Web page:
Inside the Tillerson talks - accepting the South Pacific challenge
By Richard Harman (author)
President Trump’s Secretary of State who made a flying visit to Wellington yesterday proved to be anything but an “America First” isolationist.
Secretary of State Rex Tillerson surprised the Prime Minister, Foreign Minister and officials with a promise for the US to become more involved in the South Pacific region.
His promise is set against a background of American dis-engagement in the region which had allowed China to fill the gap.
Both Australia and New Zealand have become increasingly concerned about Chinese influence in the Pacific and one diplomatic source suggested to POLITIK that Australia had been pressing the Americans hard to become more involved.
Officials said the US offer could involve naval activity, diplomatic activity and perhaps most importantly arranging financial assistance for the financially troubled small states of the region.
“We were reassured by the fact that he has come so early in his reign and by his description of how he expects the US to function in the Asia-Pacific because for us that is probably the most important aspect discussed today," Prime Minister Bill English told reporters after his hour-long meeting with the Secretary.
While English was pleased to hear that the US did not intend to retreat from Asia, which he said was the region which underpinned New Zealand’s economic success, it was the US promise to re-engage with the Pacific which stood out.
And that was because of growing concern about the role of China.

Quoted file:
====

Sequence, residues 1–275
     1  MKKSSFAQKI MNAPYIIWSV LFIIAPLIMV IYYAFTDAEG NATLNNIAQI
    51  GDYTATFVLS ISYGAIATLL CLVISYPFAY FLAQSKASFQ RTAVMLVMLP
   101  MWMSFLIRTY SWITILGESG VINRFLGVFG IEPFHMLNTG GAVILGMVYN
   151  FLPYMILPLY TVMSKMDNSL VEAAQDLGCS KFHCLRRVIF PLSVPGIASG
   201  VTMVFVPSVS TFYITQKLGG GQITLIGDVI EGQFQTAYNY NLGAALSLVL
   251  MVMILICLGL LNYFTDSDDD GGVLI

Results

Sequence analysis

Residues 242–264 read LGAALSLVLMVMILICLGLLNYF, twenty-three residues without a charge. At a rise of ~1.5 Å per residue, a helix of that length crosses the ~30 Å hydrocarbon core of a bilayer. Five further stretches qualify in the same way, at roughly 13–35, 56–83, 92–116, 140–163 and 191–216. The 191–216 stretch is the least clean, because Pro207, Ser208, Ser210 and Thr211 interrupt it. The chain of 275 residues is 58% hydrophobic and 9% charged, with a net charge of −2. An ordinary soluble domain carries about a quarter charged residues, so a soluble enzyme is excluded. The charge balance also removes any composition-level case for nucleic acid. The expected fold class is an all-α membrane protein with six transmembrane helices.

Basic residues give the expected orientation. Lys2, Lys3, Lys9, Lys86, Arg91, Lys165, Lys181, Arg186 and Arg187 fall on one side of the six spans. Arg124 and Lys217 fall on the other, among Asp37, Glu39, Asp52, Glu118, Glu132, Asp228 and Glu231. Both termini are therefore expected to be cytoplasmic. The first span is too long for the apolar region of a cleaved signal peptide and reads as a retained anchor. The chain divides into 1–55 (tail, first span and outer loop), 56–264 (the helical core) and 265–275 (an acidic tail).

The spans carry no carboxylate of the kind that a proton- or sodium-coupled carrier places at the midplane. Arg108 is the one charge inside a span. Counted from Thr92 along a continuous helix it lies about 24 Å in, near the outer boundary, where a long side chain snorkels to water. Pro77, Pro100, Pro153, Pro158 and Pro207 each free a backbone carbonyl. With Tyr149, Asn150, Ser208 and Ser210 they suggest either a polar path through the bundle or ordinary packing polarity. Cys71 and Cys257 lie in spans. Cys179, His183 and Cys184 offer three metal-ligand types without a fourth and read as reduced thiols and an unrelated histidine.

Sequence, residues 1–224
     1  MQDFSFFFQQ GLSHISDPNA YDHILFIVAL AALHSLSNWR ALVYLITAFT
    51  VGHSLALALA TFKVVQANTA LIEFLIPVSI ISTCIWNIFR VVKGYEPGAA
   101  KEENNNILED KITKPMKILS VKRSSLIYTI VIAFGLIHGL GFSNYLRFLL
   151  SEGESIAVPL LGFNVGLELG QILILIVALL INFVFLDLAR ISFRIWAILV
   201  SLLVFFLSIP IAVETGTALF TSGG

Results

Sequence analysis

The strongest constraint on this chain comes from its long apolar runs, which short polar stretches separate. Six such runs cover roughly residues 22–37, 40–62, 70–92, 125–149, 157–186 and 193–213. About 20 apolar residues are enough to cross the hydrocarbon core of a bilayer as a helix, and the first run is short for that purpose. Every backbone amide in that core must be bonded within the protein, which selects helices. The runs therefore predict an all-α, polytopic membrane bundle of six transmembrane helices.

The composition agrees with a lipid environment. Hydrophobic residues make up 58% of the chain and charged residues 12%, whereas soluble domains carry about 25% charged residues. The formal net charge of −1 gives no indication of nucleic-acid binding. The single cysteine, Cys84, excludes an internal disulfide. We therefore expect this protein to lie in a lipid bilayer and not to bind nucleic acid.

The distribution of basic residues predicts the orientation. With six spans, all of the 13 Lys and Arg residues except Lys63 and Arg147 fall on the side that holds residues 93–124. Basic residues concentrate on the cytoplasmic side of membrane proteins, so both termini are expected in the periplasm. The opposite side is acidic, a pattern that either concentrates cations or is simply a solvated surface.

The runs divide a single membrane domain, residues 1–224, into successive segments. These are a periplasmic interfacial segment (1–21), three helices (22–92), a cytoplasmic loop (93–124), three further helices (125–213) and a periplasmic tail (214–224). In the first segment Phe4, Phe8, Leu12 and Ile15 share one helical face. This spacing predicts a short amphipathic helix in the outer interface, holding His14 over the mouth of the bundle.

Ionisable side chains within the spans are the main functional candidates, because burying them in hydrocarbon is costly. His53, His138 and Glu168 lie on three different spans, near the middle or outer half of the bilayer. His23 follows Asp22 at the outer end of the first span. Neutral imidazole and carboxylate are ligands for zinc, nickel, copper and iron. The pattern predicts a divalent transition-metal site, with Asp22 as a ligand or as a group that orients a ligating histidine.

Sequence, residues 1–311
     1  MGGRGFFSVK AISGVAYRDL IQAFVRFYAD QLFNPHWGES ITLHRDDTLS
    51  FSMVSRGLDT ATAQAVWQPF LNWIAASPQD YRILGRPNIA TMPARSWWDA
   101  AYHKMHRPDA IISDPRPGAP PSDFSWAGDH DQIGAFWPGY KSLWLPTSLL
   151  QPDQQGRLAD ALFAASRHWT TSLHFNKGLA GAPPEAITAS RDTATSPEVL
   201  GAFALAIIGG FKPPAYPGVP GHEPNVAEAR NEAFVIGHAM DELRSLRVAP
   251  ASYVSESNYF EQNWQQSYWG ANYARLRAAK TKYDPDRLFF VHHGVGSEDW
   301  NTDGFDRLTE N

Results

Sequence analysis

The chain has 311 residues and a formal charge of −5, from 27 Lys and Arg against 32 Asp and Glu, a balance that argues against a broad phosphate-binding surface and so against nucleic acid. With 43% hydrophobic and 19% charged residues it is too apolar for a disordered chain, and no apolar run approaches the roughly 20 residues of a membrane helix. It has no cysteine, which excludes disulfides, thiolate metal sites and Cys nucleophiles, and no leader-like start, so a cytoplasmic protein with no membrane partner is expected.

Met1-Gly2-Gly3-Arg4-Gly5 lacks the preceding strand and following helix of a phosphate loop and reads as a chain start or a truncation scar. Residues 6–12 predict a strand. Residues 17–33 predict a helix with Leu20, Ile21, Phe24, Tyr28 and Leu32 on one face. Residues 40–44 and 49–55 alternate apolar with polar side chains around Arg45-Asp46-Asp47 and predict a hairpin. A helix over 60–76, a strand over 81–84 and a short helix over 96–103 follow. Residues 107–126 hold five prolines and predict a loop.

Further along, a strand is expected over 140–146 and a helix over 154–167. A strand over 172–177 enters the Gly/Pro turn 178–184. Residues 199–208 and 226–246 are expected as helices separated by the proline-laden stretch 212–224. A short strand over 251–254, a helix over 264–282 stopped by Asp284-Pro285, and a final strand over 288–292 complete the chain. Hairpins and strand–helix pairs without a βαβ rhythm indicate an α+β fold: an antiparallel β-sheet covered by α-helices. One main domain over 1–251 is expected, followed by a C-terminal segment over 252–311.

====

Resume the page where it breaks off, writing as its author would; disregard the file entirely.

English told reporters after the meeting that China’s campaign to win influence in the Pacific occupied “quite a bit of the discussion”.
There's been a lot of discussion in recent times about the way China projects its influence, and in some respects, it's attractive to a lot of smaller countries in the Pacific, but the terms on which it happens aren't always favourable.
“We focus on our own positive relationships with these smaller countries.”
Some of the discussion focussed on Chinese lending for infrastructure projects in the region.
He said the US was indicating that it would support some of the multi lateral banks becoming more pro active “in offering what would probably be better terms (than China was offering) to those countries.
“The Pacific is becoming more of an area of interest for larger countries; there’s more Russian presence; there’s more Chinese presence; there’s speculation about more Indian presence, and of course the US has always been a predominant influence in the Pacific, so we have every interest in understanding how all of these larger countries are thinking about their influence here.”
Tillerson’s promise to re-engage with the Pacific was part of a number of reassuring statements he made while he was in Wellington.
“I don’t think anyone should interpret that the US has stepped away from these issues (Climate Change and trade) or is seeking to isolate itself,” he told a joint news conference with English.
“Indeed one of the reasons I’m in the region, one of the reasons Vice President Pense has already been to the region; (Defence) Secretary Mattis has been to the region, is to reaffirm to everyone that the United States views this region of the world as extremely important to both our national security interest and our own economic prosperity.
“I think you can expect to see an elevated level of engagement to that which you saw over the past eight years.”
But the difficulty the Trump administration faces in the region was amply demonstrated by the logistics of Ellerson’s visit.
Whereas his predecessor, John Kerry, brought a six-person team to his talks last November with Prime Minister John Key and his officials, Tillerson was accompanied by only three officials, an indication of how long it is taking the Trump administration to fill key roles in the State Department.
The current Assistant Secretary for East Asian and Pacific Affairs is career diplomat, Susan Thornton, but she is only acting in the post.
But at least yesterday her boss, Tillerson, reassured Wellington that the United States was not yet in retreat.